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dc.contributor.authorBechtel, Andrew Josephen_US
dc.date.accessioned2012-02-17T19:20:30Z
dc.date.available2012-02-17T19:20:30Z
dc.date.issued2011-10-17en_US
dc.identifier.urihttp://hdl.handle.net/1853/42809
dc.description.abstractThe shear capacity of reinforced concrete pier caps in existing bridge support systems can be a factor which limits the capacity of an existing bridge. In their usual configuration, pier caps behave as deep beams and have the ability to carry load through tied arch action after the formation of diagonal cracks. Externally bonded fiber reinforced polymer (FRP) reinforcement has been shown to increase the shear capacity of reinforced concrete members which carry load through beam action. However, there is an insufficient amount of research to make it a viable strengthening system for beams which carry load through arch action, such as pier caps. Accordingly, this research was aimed at investigating the behavior of reinforced concrete pier caps through a coordinated experimental and analytical program and to recommend an external strengthening method for pier caps with perceived deficiencies in shear strength. The experimental study was performed on laboratory specimens based on an existing bridge in Georgia. A number of factors were examined, including size, percentage longitudinal reinforcement and crack control reinforcement. The results showed that increasing the longitudinal tension reinforcement increased the beam capacity by changing the shape of the tied arch. In contrast, the presence of crack control reinforcement did not change the point at which diagonal cracking occurred, but it did increase the ultimate capacity by reinforcing the concrete against splitting. The results of the experimental study were used in conjunction with a larger database to examine different analytical methods for estimating the ultimate capacity of deep beams, and a new method was developed for the design of external strengthening. Two specimens were tested with externally bonded FRP reinforcement applied longitudinally to increase the strength of the tension tie. The test results correlated well with the proposed method of analysis and showed that increasing the strength of the longitudinal tension tie is an effective way to increase the strength of a reinforced concrete deep beam.en_US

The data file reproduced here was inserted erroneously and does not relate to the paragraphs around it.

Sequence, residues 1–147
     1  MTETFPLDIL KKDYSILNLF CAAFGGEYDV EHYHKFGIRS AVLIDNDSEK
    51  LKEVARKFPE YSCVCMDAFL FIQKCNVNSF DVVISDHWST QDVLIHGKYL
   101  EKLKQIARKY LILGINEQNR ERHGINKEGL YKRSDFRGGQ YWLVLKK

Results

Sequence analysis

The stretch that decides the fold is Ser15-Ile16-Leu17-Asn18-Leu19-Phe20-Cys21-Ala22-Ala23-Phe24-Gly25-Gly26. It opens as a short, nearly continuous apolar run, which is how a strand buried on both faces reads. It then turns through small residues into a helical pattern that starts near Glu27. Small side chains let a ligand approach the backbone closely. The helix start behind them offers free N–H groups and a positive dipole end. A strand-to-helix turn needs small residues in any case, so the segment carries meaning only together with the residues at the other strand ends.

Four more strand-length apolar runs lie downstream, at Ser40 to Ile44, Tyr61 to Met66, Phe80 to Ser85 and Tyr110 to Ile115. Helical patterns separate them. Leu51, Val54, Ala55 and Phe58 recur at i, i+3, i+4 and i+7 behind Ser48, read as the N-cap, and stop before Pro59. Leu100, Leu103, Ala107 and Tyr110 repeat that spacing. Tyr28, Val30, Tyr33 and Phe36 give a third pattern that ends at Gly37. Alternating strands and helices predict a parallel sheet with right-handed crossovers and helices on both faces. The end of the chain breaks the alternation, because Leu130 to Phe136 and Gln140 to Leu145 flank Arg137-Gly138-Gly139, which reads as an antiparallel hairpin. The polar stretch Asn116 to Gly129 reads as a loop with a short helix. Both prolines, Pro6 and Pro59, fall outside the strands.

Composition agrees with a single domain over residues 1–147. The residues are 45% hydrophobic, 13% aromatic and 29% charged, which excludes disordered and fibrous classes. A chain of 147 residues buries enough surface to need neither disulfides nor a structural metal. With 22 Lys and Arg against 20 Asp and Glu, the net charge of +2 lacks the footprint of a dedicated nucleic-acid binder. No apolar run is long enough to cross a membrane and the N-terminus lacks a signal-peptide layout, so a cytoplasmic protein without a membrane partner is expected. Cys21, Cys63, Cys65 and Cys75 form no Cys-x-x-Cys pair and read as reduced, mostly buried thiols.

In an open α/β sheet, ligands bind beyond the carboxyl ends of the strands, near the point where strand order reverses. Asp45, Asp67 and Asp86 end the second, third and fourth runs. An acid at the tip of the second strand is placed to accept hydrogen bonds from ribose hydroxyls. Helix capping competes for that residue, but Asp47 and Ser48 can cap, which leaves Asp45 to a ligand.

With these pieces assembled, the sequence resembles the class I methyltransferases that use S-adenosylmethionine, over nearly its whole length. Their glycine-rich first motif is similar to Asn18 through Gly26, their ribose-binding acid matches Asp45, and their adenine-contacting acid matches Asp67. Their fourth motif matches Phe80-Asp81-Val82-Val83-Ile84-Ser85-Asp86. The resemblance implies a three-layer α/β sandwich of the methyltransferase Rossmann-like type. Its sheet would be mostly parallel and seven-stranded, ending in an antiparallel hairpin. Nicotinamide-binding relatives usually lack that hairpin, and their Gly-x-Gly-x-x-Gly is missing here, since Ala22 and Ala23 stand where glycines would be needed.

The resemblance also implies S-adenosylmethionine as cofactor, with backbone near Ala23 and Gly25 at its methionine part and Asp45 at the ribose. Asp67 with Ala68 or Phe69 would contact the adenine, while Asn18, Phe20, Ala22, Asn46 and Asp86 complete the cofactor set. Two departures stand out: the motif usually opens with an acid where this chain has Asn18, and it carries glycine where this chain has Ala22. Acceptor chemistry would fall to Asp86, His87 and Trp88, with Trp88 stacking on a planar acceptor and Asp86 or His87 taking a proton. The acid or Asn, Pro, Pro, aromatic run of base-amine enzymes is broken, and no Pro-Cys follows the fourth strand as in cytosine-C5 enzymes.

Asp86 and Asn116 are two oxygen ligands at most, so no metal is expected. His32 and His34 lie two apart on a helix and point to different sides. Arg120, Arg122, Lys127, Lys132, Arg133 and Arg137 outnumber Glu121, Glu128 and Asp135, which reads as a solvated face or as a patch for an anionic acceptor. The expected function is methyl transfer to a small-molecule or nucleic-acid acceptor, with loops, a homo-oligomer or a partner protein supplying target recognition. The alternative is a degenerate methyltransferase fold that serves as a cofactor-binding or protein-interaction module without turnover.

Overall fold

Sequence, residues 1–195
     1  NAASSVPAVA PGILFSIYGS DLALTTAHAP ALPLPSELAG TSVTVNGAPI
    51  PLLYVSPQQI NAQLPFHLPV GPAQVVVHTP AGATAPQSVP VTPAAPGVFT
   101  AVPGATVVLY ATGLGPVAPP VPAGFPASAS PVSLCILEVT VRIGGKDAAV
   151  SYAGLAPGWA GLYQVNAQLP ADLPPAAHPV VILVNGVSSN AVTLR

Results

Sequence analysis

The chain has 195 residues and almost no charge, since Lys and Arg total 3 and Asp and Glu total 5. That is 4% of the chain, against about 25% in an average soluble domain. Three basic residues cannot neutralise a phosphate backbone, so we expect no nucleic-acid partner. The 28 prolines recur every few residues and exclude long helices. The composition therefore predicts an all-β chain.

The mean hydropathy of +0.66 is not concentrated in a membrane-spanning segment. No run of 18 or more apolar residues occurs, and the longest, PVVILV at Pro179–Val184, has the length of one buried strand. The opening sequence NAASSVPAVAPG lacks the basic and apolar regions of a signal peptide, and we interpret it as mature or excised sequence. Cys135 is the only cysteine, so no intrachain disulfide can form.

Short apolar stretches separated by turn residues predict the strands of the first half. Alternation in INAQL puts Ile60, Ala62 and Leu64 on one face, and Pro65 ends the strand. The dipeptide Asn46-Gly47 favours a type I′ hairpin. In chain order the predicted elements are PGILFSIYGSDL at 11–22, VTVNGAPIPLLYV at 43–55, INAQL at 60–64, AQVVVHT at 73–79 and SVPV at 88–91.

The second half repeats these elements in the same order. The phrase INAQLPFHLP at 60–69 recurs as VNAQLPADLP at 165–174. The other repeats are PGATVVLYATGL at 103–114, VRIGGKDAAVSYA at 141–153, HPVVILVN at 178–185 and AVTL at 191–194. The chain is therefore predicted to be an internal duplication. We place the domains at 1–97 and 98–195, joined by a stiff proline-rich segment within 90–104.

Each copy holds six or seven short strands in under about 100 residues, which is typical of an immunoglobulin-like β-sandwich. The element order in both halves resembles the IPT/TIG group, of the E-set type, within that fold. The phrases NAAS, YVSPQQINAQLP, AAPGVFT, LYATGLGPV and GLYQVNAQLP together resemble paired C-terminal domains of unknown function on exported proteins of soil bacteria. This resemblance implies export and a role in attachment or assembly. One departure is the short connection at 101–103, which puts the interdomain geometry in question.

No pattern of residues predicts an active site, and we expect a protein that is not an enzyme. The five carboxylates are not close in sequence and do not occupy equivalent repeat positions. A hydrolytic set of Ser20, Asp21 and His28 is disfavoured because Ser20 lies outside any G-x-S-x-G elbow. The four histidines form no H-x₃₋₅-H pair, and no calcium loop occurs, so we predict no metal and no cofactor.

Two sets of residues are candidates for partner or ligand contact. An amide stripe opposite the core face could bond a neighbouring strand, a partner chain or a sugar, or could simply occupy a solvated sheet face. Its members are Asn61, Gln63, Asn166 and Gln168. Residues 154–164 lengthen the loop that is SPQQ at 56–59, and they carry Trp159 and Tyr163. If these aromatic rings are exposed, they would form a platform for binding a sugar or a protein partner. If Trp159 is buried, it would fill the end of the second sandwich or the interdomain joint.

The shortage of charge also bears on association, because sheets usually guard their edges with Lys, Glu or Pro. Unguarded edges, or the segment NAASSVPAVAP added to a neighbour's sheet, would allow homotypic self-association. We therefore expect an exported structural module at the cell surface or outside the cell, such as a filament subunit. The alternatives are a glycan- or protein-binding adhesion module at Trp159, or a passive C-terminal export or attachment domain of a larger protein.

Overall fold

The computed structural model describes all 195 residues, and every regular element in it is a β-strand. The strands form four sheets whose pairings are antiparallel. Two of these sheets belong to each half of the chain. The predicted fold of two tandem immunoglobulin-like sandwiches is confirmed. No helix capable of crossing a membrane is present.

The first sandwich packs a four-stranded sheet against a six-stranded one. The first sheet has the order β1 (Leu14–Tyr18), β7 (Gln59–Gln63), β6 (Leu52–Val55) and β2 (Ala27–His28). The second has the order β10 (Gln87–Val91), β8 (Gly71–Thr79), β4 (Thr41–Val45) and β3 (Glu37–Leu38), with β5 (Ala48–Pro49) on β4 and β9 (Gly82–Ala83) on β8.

dc.publisherGeorgia Institute of Technologyen_US
dc.subjectExternal strengthening with FRPen_US
dc.subjectAnalysis of reinforced concrete deep beamsen_US
dc.subjectStrengthening of reinforced concrete deep beamsen_US
dc.subjectReinforced concrete deep beamsen_US
dc.subjectPier capsen_US
dc.subject.lcshConcrete beams
dc.subject.lcshReinforced concrete construction
dc.titleExternal strengthening of reinforced concrete pier capsen_US
dc.typeDissertationen_US
dc.description.degreePhDen_US
dc.contributor.departmentCivil and Environmental Engineeringen_US
dc.description.advisorCommittee Co-Chair: Dr. Abdul-Hamid Zureick; Committee Co-Chair: Dr. Bruce Ellingwood; Committee Member: Dr. Lawrence F. Kahn; Committee Member: Dr. Leroy Z. Emkin; Committee Member: Dr. T. Russell Gentryen_US


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